Co-occurrence mapping (Zeng and Chan 2004)
Merging Different vocabularies in the same domain can be merged into a super- thesaurus. Ex: The Unified Medical Language System (UMLS) merges concepts from about fifty medical controlled vocabularies into a metathesaurus.
Satellite and leaf node linking Editors can select and adapt parts of a general vocabulary as a subject-specific vocabulary for some particular requirements. Ex: A number of domain-specific controlled vocabularies have been developed by selecting parts of LCSH.
Ontology mapping for subject cross-search and browsing Current efforts within the digital library community include developing ways to map different metadata schemes, and ways to map different knowledge organisation systems. In the semantic web community, the ways to improve semantic interoperability include the construction of ontology and ontology mapping. There is much in common between the methods used by these two communities.
What is an ontology? Definition: An ontology is a formal (explicit) specification of a conceptualization shared by a community of people (R.Studer,1998). The difference between an ontology and other knowledge organisation systems.
Types of ontologies in digital libraries Upper level ontology Domain ontology.
Upper level ontology Refers to a common vocabulary including the basic concepts, such as things, space, events, time, behaviour, etc, and the relations between them (Gomez-Perez and Benjamins 1999; Ding and Foo 2004a). Ex: OpenCyc, WordNet, and ABC ontology.
ABC Ontology “It provides the notional basis for developing domain, role, or community specific ontologies, and it incorporates a number of basic entities and relationships common across other metadata ontologies including time and object modification, agency, places, concepts, and tangible objects. Communities wishing to build their own metadata ontologies and models may then extend the ABC entities and relationships as needed” (Lagoze and Hunter 2001). ABC Ontology is designed to incorporate basic entities and relationships common across different metadata standards, and provide a basis to create metadata ontologies, into which different metadata schemes can be mapped.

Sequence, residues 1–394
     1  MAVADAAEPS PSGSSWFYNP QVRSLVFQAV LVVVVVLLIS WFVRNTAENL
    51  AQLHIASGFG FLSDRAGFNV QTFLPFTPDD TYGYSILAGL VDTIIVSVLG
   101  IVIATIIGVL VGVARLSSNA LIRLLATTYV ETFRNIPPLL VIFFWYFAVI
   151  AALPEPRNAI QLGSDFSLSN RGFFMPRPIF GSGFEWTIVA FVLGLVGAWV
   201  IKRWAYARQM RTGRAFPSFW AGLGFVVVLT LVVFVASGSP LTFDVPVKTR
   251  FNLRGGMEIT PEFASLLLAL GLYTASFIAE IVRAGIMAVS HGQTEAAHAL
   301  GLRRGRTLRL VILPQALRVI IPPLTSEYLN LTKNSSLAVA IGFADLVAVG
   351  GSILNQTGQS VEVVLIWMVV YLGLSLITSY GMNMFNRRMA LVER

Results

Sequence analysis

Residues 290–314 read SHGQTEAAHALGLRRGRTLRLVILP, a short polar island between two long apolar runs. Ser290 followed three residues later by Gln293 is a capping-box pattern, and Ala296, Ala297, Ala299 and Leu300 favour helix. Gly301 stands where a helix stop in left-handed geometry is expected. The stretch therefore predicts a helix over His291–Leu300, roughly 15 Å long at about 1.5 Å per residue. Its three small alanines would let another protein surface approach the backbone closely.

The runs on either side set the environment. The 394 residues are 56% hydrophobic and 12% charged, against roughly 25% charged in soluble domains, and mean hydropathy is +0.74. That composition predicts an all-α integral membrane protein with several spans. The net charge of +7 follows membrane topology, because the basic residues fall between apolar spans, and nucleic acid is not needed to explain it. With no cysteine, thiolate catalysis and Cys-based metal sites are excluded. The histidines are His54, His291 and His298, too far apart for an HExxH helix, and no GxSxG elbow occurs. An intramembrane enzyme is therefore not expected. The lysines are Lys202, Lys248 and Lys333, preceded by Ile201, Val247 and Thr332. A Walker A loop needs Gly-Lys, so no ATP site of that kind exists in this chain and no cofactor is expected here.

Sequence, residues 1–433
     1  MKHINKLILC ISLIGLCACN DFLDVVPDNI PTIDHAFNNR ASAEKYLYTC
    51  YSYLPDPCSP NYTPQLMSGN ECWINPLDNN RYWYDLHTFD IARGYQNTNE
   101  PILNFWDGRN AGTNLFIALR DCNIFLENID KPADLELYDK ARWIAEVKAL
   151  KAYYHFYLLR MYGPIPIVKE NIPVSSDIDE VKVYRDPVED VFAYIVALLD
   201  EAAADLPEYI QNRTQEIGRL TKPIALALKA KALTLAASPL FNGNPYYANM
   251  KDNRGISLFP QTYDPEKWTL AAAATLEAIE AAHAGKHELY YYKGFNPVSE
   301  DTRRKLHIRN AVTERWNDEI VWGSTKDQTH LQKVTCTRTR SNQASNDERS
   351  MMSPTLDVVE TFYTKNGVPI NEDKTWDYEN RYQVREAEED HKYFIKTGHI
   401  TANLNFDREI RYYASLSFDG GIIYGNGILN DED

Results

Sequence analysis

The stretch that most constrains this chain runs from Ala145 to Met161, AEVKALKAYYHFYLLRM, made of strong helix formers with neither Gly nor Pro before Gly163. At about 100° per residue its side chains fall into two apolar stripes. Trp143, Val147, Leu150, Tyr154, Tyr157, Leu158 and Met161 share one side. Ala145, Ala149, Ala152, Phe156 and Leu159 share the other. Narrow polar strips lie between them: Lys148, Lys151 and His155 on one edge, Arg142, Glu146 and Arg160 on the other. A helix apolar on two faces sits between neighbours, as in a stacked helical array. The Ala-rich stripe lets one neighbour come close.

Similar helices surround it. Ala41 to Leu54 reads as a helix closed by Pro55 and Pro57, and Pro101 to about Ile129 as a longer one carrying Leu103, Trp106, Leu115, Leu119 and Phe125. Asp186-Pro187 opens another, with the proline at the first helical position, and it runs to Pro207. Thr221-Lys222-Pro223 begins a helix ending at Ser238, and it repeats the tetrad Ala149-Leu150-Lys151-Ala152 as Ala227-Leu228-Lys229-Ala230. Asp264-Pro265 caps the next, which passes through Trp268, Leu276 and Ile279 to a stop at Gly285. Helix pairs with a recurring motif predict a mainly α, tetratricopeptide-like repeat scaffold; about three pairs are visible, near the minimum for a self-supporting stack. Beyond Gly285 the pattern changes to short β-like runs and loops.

OpenCyc Ontology This is a universal ontology, in which "every concept one can imagine can be correctly linked into the OpenCyc Ontology in appropriate places, no matter how general or specific, no matter how arcane or prosaic, no matter what the context (nationality, age, native language, epoch, childhood experiences, current goals, etc.) of the imaginer" (Stubkjar 2001). It provides a framework for further establishing custom, and domain-specific ontologies.
WordNet Ontology This is a “ manually constructed online lexical reference system ” (Noy and Hafner 1997). In WordNet, different lexical objects are organised systematically with the basic distinction between nouns, verbs, adjectives, and adverbs. Nouns are grouped by different concepts, and different concepts are organised hierarchically. In WordNet, a verb is related to a concept ’ s function, and an adjective is related to a concept ’ s property. The WordNet ontology is often applied to offer a taxonomic tree, and also support natural language processing.
Domain ontology A domain-specific vocabulary that encompass the concepts in a given domain (such as medical, agriculture, computer science, etc) and their relationships (Gomez-Perez and Benjamins 1999; Uschold and Gruninger 1996; Guarino 1997). In some cases, potentially, some traditional KOSs can be integrated together, and form a basis to create a domain ontology.
Use of ontologies MetaNet: Different metadata elements from different metadata schemes have been mapped to ABC ontology. Mappings between E-learning object metadata and OpenCyc ontology Mappings between MeSH and OpenCyc ontology Mappings between different subject classification systems and OpenCyc
An Ontology Library System “ An ontology library system is a library system that offers various functions for managing, adapting and standardizing groups of different ontologies ” (Ding and Fensel 2001). To support searching and browsing different ontologies.
Conclusion (1) A library portal system should be able to maximise the reuse of existing library resources, such as metadata schemes, and knowledge organisation systems. In order to improve semantic interoperability, it is expected that each resource provider publishes metadata schemes, and knowledge organisation systems in semantic web enabled format to facilitate reusing these resources. RDF, XML
Conclusion (2) In order to facilitate cross-searching: Develop or apply a common metadata scheme, into which different metadata elements from different metadata schemes can be mapped. Different metadata schemes can also be mapped into an upper level ontology. These two ways can be developed together.
Conclusion (3) To facilitate cross browsing by subject Different knowledge organisation systems can be mapped into a DDC as a subject navigation tree. In order to support more powerful computational semantics, all concepts, intra-relationships, and inter-relationships in different knowledge organisation systems can be mapped into an upper level ontology.
Conclusion (4) A variety of mappings have been developed. Each type of mapping is designed to offer specific capabilities to improve semantic interoperability, and limited search or browsing functions. A combination of the different types of mapping is required